There has been plenty of debate over the last two years with Alexander Wennberg emerging as the number one center for the Columbus Blue Jackets. While he is obviously the best option in Columbus, is he a true number one center?

The first thing to look at would be the base stats: goals and assists. It must be said that Wennberg is undeniably a pass-first type center. He is not going to compare favorably to some of the best goal scoring centers out there, but that’s okay.

For instance, his best goal total of 13 last season ranks T-293rd for individual seasons among centers since the 2013-14 season. But, as said before, he doesn’t shoot regularly and looks to create goals.

Creating goals is where he shines. His career-high in assists, 46 last season, ranks T-32nd for best single season totals among centers since 2013-14. This puts him in the company with players like Ryan Johansen, Tyler Seguin, and Matt Duchene.

The argument can be made for all three of these comparable players for being a true number one center, with Duchene the only one having doubts. So if Wennberg is able to create goals at the same rate, should he start being considered a true number one as well?

It is a strong point for Wennberg that he compares to these names in goal creation. But his goal tally in individual season pales in comparison to Seguin, is below that of the best seasons of Duchene, and is really only comparable to that of Johansen, a center many believe is an elite one, and his $8 million AAV proves that the Nashville Predators share that sentiment.

Looking Deeper

For the sake of continuity, we will continue to compare Wennberg to the aforementioned Seguin, Johansen, and Duchene. Johansen to see how he compares to the last number one center in Columbus; Duchene due to all the rumors and the amount of fans that wanted Columbus to acquire him; Seguin because he is one of the top offensive forwards in the league.

To make the sample size, and comparison, significant we have included the games played so far in the 2017-18 season to the seasons between 2014-15 to 2016-17. This leaves us with Wennberg at 235 games played, Seguin at 241, Duchene at 250, and Johansen at 260.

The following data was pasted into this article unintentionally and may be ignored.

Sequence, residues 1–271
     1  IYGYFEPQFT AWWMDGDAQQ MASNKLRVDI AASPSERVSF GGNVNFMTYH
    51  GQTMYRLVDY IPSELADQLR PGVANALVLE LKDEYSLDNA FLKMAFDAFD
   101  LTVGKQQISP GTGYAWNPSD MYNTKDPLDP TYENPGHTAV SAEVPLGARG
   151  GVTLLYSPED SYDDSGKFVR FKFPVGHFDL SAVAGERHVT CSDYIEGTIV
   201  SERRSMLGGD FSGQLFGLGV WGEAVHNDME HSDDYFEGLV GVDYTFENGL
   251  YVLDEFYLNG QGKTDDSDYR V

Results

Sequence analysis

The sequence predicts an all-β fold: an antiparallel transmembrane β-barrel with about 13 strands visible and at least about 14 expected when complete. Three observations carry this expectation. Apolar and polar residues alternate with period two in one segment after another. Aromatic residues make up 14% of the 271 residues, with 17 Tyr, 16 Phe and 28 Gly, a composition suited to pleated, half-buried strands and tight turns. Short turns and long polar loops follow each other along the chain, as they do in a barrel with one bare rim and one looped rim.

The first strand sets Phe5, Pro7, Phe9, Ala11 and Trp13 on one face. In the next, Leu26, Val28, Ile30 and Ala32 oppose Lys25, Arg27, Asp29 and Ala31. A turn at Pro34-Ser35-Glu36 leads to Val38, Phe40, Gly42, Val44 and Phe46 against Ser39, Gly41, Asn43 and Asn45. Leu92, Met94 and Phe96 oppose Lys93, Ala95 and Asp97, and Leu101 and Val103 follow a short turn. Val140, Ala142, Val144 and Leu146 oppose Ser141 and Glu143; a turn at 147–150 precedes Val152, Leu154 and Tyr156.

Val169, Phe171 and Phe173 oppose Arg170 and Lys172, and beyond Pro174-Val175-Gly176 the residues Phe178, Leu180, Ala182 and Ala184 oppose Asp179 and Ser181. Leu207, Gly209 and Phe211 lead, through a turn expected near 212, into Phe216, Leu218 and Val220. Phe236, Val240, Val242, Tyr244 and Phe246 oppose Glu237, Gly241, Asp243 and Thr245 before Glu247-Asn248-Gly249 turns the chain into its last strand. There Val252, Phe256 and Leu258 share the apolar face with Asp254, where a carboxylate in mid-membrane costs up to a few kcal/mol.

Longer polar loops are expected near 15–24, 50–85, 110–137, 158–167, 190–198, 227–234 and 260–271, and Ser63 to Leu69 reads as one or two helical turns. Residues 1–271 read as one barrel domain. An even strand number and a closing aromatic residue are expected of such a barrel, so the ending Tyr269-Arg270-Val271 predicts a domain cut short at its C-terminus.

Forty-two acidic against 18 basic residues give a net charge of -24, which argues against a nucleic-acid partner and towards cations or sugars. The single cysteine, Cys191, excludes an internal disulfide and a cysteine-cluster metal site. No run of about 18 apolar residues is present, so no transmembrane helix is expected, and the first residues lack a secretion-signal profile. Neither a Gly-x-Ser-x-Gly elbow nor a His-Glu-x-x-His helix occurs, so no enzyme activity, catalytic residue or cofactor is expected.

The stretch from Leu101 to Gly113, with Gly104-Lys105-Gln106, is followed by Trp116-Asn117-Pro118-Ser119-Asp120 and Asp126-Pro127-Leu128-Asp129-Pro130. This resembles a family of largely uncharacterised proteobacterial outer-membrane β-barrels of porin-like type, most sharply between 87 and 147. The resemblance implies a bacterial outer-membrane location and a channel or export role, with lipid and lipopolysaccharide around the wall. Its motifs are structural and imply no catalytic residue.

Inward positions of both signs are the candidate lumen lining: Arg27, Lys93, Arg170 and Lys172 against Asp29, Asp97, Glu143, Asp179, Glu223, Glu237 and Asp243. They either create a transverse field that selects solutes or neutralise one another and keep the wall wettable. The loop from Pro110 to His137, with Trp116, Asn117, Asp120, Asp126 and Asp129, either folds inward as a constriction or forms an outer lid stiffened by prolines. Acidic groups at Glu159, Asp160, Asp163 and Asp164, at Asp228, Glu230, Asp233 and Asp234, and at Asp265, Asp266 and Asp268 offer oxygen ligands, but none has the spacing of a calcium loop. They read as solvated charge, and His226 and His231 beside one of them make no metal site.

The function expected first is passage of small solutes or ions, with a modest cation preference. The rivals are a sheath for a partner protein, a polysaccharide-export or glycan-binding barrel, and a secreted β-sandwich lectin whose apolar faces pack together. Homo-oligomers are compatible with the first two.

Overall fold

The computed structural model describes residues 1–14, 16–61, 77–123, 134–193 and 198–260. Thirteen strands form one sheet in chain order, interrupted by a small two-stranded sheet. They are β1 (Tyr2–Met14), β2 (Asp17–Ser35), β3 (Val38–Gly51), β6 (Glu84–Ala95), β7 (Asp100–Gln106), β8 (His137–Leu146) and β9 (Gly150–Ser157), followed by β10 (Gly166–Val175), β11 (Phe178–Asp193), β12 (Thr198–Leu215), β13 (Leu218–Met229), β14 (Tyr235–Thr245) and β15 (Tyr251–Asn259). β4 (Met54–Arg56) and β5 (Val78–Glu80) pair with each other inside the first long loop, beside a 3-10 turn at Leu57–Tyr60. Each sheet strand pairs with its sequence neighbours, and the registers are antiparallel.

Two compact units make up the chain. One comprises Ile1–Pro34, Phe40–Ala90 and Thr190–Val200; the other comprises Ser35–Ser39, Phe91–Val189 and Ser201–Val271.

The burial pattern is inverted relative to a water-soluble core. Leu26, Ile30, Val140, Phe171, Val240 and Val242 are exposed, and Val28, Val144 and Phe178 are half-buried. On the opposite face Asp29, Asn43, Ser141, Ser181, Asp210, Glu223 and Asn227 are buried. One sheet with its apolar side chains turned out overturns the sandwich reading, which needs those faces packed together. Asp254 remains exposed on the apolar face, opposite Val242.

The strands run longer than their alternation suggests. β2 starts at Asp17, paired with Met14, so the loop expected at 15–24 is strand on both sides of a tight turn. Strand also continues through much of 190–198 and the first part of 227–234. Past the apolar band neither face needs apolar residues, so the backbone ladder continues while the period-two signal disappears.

In this time period Wennberg is third in Relative Corsi-For Percentage (Rel.CF%) at 1.23, beating out the 1.01 of Duchene and falling behind the 2.25 of Seguin and the 3.05 of Johansen.

And while Wennberg is the lowest of the four in xGF, at 118.71, he is far and away the best for xGA (117.05). This compares to the 124.44 xGF and 152.77 xGA of Duchene, 144.73 xGF and 136.59 xGA of Johansen, and the 159.17 xGF and 148.89 xGA of Seguin.

Another thing to strengthen the argument is when you take into account the quality of teammates (QoT) and quality of competition (QoC) each of the four have had. When adjusting for those, Wennberg has a CF% QoT of 49.77, second only to the 50.95 that Seguin has posted. He is third in CF% QoC, beating out Seguin by 0.01 with his 49.85, falling 0.17 behind Johansen and 0.45 behind Duchene.

Transitioning away from pure shot-based metrics and looking at another important part of the game: passing. To level out the playing field, the best thing to look at would iGVA/60 and iTKA/60. That is individual giveaways and takeaways per 60. Wennberg compares favorably in this department, having the lowest iGVA/60 (1.01) and the second highest iTKA/60 (2.17), trailing only the 2.32 that Duchene has posted.

So what do all these numbers mean to the argument for or against Wennberg? They show that in a couple of very important aspects of the game he compares favorably to some of the best at his position. It also shows that those who wanted Duchene in Columbus would not have seen an upgrade on Wennberg, rather a battle between the 1C/2C spot on the roster.

Alexander Wennberg is a number one center

Despite the alleged struggles he is enduring this season (it is debatable whether or not these are actually occurring), Wennberg has compared favorably to some big names in multiple different metrics.

Columbus fans wanted Duchene all off-season, and Wennberg is neck-and-neck with him in all given metrics; Johansen was a number one center in Columbus and is in Nashville, getting himself an $8 million AAV contract, and Wennberg is neck-and-neck with him; Seguin is considered one of the best in the game, and Wennberg is neck-and-neck with him as well.

This leaves no reasonable doubt to say that Alexander Wennberg is truly a number one center.

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View the original article on Last Word On Hockey: Comparing Alexander Wennberg to the NHL’s Best Centers